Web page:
The Salt Lake City-based Dan Jones & Associates public opinion research firm conducted a poll for the Deseret News and found Sen. Orrin Hatch (R-UT) spiraling down toward dead heat status in his bid for a seventh term. Not only is he locked into a close race for the Republican nomination, but it also appears he could have a surprisingly tough 2012 general election battle should Rep. Jim Matheson (D-UT-2) decide to run.
Only 406 registered voters were questioned during the June 13-16 period, a relatively small sample for a state having a population equal to the size of four congressional districts, and even more minute when considering the aggregate response factor for the GOP primary ballot test. Though the number of self-identified Republicans was not released, it is probable that the total was well below 250 people. The small universe adds to the error factor ratio and generally makes the results less reliable.
On the other hand, Jones & Associates has a great deal of experience conducting polls of Utah voters and residents and has even been a research vendor to past Hatch for Senate campaigns. The local knowledge certainly improves the nebulous reliability factor.
The tabulations show most voters think the 77-year old Hatch has been in office too long, not surprising for a politician serving his 35th year in the Senate, particularly when a respondent pool is queried long before Election Day. By a margin of 59-38 percent, the sample stated that it preferred “someone new” to having a senator with Hatch’s long seniority. Only 18 percent answered that they are “definitely” committed to Sen. Hatch, whereas 37 percent “definitely” want a new person.
But the surprise of the poll is not the Senator’s vulnerability but how well Rep. Matheson does statewide. Utah, one of the most reliable of Republican states, hasn’t elected a Democratic senator since 1970 or a governor since Matheson’s father, Scott Matheson, left office after the 1984 election. In a ballot test for the upcoming general election, Hatch only scores a 47-47 percent tie against the six-term Democratic congressman but has a slight lead among those “definitely” voting for their candidate of choice, 32-28%.
Hatch also, for the first time in a statewide poll, shows weakness in a Republican primary. While there is no doubt the Senator has problems at the state Republican convention, like his former seat mate Bob Bennett did in 2010 (he failed to qualify for the primary ballot), previous primary polls showed Hatch to be in strong position against his most likely GOP opponent, Rep. Jason Chaffetz (R-UT-3). The congressman says he is seriously considering a run against the veteran Senator, but has not yet committed to the race. According to the Dan Jones poll, Mr. Hatch would command only a 47-44% lead over Rep. Chaffetz among those respondents classifying themselves as likely Republican primary voters. Looking only at those saying their decision is definite, Hatch posts a 28-23% margin.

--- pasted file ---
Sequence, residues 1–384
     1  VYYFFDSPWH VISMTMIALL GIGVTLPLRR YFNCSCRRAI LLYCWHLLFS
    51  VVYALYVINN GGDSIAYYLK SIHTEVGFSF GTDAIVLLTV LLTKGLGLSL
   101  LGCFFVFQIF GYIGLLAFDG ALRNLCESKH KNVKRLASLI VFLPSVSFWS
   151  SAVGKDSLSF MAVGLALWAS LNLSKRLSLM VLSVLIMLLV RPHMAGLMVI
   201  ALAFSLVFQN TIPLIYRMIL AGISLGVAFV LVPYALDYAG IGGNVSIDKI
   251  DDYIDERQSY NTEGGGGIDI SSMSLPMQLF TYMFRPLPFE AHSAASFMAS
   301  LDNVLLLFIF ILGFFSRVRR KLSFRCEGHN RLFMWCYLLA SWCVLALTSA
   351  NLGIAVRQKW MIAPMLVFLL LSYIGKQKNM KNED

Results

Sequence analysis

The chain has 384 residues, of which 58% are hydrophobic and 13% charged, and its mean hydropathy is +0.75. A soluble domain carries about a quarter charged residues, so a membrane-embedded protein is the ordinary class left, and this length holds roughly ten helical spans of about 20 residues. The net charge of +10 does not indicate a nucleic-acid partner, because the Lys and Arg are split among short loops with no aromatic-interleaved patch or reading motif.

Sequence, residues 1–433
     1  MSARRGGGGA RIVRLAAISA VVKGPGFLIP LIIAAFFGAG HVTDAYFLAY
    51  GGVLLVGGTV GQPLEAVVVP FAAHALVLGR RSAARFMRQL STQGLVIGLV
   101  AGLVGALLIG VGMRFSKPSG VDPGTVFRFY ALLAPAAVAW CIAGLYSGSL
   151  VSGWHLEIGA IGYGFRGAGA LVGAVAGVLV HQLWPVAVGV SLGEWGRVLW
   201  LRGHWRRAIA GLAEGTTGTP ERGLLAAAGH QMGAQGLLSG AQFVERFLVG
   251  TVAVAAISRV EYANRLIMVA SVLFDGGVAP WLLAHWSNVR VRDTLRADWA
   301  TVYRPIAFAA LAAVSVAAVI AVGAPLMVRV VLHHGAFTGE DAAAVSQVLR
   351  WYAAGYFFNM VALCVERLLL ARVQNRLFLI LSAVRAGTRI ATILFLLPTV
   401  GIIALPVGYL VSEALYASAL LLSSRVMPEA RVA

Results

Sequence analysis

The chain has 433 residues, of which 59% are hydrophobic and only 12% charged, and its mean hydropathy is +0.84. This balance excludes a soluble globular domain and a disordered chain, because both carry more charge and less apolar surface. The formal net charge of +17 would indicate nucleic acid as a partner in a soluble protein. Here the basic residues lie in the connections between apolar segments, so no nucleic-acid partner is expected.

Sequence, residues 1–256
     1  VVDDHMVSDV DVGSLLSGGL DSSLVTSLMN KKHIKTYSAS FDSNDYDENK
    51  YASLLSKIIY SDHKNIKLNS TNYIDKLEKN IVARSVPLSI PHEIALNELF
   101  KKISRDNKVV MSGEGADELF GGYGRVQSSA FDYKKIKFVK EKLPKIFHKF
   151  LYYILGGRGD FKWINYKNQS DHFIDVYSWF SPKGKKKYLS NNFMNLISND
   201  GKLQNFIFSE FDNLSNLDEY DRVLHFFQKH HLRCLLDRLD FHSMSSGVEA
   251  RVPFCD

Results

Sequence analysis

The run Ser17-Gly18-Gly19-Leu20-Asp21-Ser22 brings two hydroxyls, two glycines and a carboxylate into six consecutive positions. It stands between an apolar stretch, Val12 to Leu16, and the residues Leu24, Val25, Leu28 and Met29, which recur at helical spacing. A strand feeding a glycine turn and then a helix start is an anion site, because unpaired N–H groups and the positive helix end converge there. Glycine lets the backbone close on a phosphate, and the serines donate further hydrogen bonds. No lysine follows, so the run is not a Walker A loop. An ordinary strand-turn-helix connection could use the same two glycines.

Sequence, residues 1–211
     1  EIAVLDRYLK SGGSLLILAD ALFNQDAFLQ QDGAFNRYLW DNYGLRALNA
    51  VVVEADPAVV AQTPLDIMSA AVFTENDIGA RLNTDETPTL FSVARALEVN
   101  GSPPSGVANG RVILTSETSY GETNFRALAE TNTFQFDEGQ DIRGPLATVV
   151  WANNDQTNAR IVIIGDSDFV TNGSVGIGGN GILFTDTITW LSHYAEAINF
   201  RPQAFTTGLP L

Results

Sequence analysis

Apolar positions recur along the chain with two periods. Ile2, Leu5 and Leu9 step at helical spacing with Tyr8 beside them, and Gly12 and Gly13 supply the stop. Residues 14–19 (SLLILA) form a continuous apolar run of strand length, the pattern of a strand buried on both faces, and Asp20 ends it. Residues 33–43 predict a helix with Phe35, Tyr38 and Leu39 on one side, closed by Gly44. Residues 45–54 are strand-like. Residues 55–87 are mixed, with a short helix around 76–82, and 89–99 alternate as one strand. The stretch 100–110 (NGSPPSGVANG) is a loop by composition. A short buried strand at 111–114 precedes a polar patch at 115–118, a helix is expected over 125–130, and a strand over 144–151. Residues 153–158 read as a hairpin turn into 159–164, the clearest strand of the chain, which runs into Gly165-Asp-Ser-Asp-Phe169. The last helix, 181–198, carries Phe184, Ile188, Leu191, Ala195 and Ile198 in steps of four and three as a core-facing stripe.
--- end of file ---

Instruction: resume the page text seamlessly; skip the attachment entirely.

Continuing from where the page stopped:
Polls like the one discussed as the subject of this column increase the speculation talk and likelihood that both Chaffetz and Matheson will run statewide. For the Republican nomination fight, Congressman Chaffetz will have an edge at the state convention, but Senator Hatch is working diligently to fill his own slate of delegates. If either candidate receives 60% of the convention vote, such person is nominated outright making Utah one of the few states that can still nominate candidates via party assembly. If no one receives 60%, then the top two candidates face each other in a straight primary election. It was always viewed that Hatch would have a decided advantage in an electoral contest against Chaffetz because he will have a substantial fundraising edge. This latest poll suggests that the Senators best political asset may be less of a factor than originally believed.
The results are also a double-edged sword for Matheson. While his statewide numbers appear strong, thus giving him more reason to run for the Senate or for governor (more likely the Senate if Chaffetz runs because the eventual GOP nominee will have a divided political base) his House re-election chances probably diminish. With him overtly toying with a statewide race, Republican map drawers have greater reason to make his 2nd district even more favorable to a GOP candidate, thus trying for a straight 4-0 delegation sweep and “encouraging” Matheson to seek election elsewhere.
It appears that Utah could now become a political hotbed all the way through the general election. Though the Utah Senate race would normally earn a “Safe Republican” rating in a general election contest at this point during an average election cycle, right now it appears that “Lean Republican” is the more accurate appraisal.
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